Covid-19 Has Turned More Millennials Into Serial Entrepreneurs

As the world starts to look towards a COVID-free future with the introduction of vaccines, the nine months that have passed since the start of the pandemic saw significant disruption to industries and attitudes, particularly in relation to work. 

Millennials have reflected on their career choices, adapted to remote working, and made decisions on where they want to live and how they want their lives to be. They have also been tapping into their entrepreneurial side and launching new businesses and pursuing their passions.

Pre-pandemic, it was thought that around half of millennials in the United States had some kind of side-gig, whether that be to make ends meet or because of an entrepreneurial flair that drove them to develop new things. Common examples include developing a website, selling homemade products such as jewelry or art, or working a part-time job in something unrelated to their main income stream. These side-hustles saw millennials generate additional income that outpaced other generations, earning on average an additional $10,000 per year from their extra work.

The benefit of these businesses allows millennials to pursue a purpose they cannot find in their main job - sustainability and for-the-good focus is something millennials identify as missing from established industries and hence allows them to make an impactful change on the side. By investing small amounts of money, but large amounts of time on the project, Millenials can bring that purpose to a wider audience, and if their side-hustle becomes mainstream, a huge benefit towards a wider industry shift. Over the past few years, there has been an increase in new business popping up, run by and for millennials - examples include businesses focused around crafting and DYI, or even becoming a drag queen!

Since the start of the pandemic, people have had to find creative solutions to generate income while also wanting to chase their passions and dreams. While some of this has been out of necessity, others have found extra time out of boredom to chase other dreams and create solutions to existing problems and frustrations.

One example is in the mental health space. Mental health has become more openly discussed, particularly in the workplace, and was one of the reasons Holly Novick founded Soul Sanity, an online mental health gym that offers its members live sessions to focus on improving their mental health from the comfort of their own homes. The membership-based service offers a range of activities that are scientifically proven to relieve stress and anxiety, improve mindfulness, and encourage the release of the “feel-good” hormone dopamine.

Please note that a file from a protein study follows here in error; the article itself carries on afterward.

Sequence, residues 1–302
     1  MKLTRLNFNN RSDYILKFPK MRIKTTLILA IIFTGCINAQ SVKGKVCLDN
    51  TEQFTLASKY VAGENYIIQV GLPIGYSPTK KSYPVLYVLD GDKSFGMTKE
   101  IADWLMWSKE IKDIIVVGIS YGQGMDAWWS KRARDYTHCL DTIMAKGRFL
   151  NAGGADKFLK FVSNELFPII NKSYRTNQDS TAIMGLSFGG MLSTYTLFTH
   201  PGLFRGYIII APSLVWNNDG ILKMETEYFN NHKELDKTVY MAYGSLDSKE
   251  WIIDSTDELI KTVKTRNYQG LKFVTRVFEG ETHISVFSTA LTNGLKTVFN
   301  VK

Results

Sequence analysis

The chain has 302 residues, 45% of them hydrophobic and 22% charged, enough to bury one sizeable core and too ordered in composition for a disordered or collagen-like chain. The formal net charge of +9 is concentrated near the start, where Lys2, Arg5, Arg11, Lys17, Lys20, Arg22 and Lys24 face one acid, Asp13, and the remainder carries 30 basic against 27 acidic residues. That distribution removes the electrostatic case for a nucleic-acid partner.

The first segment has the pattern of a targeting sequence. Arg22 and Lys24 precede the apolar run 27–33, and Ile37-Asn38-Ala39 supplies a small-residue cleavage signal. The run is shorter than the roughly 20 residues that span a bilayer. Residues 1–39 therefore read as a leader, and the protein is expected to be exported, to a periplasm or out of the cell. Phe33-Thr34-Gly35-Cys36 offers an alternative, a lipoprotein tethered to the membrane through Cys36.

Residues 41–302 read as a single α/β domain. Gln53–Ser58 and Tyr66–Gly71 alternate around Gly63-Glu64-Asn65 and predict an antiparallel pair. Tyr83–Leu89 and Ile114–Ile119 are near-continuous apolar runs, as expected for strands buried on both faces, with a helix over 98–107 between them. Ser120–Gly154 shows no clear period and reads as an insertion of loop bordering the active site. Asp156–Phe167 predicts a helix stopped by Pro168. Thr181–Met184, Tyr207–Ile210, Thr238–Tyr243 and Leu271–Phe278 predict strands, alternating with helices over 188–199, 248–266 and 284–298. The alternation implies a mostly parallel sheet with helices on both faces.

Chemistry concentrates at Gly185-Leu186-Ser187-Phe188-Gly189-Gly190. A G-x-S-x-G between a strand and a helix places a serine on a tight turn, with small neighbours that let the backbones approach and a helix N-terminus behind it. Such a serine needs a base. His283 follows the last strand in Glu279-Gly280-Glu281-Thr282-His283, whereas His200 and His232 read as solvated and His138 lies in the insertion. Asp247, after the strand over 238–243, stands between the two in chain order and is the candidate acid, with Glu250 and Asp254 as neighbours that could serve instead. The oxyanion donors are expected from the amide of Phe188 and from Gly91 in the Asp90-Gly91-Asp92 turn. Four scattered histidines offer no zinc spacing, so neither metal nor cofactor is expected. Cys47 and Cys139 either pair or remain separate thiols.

Holly Novick, the Founder, said, “there are so many gyms out there for your physical health but nothing that focuses specifically on your mental health which is what inspired me to launch Soul Sanity. It was something I personally felt I needed during a painful time of loss and grief. I needed an outlet to feel better. I needed a fix, not a quick-fix and coincidentally the pandemic has hit at the same time, perhaps making it the perfect storm”.

Holly's story fits into a broader trend of industry transformation driven by millennial consumers looking to provide something more recognizable and accessible to their peers and future generations. Services like Seamless transformed food delivery for the millennial generation and Tend is attempting to revamp the dental office, while Casper changed the way people bought mattresses. Aside from natural change over time, why are these changes so radical and necessary? 

Millennials were able to quickly adapt to remote working during the pandemic and while there have been some struggles with the fully remote model, the experience has enabled them to leave cities and evaluate what is important to them overall. Products or services that are not aligned with millennial (and future generational) values need disruption in order to continue making money. For a millennial with a natural entrepreneurial flair, the financial impact of the pandemic has encouraged them to develop different streams of income to add financial security.

The future will see more and more industry disruption across every sector. If things can be done more efficiently, create a better user experience, and give wider, sustainable access to products and services for consumers, then the presence of the millennial entrepreneur will only keep on growing.

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